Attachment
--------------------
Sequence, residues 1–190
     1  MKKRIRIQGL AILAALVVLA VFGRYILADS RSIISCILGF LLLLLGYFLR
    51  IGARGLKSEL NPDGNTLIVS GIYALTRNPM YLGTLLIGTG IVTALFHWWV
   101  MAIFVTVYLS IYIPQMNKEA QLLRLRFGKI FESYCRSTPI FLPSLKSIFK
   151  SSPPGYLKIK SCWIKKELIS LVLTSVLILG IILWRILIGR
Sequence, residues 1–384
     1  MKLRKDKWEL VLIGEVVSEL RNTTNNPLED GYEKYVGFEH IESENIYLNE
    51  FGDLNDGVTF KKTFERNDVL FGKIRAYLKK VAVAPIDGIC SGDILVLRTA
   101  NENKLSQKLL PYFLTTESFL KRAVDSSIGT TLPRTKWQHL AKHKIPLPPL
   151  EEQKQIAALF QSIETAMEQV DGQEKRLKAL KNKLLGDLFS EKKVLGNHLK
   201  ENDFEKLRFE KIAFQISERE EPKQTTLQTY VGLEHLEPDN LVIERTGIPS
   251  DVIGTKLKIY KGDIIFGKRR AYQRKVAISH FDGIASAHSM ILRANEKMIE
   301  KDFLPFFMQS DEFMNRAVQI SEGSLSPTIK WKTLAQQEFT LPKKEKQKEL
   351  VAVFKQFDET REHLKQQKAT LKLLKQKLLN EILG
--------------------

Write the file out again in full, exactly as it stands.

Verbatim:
Sequence, residues 1–190
     1  MKKRIRIQGL AILAALVVLA VFGRYILADS RSIISCILGF LLLLLGYFLR
    51  IGARGLKSEL NPDGNTLIVS GIYALTRNPM YLGTLLIGTG IVTALFHWWV
   101  MAIFVTVYLS IYIPQMNKEA QLLRLRFGKI FESYCRSTPI FLPSLKSIFK
   151  SSPPGYLKIK SCWIKKELIS LVLTSVLILG IILWRILIGR
Sequence, residues 1–384
     1  MKLRKDKWEL VLIGEVVSEL RNTTNNPLED GYEKYVGFEH IESENIYLNE
    51  FGDLNDGVTF KKTFERNDVL FGKIRAYLKK VAVAPIDGIC SGDILVLRTA
   101  NENKLSQKLL PYFLTTESFL KRAVDSSIGT TLPRTKWQHL AKHKIPLPPL
   151  EEQKQIAALF QSIETAMEQV DGQEKRLKAL KNKLLGDLFS EKKVLGNHLK
   201  ENDFEKLRFE KIAFQISERE EPKQTTLQTY VGLEHLEPDN LVIERTGIPS
   251  DVIGTKLKIY KGDIIFGKRR AYQRKVAISH FDGIASAHSM ILRANEKMIE
   301  KDFLPFFMQS DEFMNRAVQI SEGSLSPTIK WKTLAQQEFT LPKKEKQKEL
   351  VAVFKQFDET REHLKQQKAT LKLLKQKLLN EILG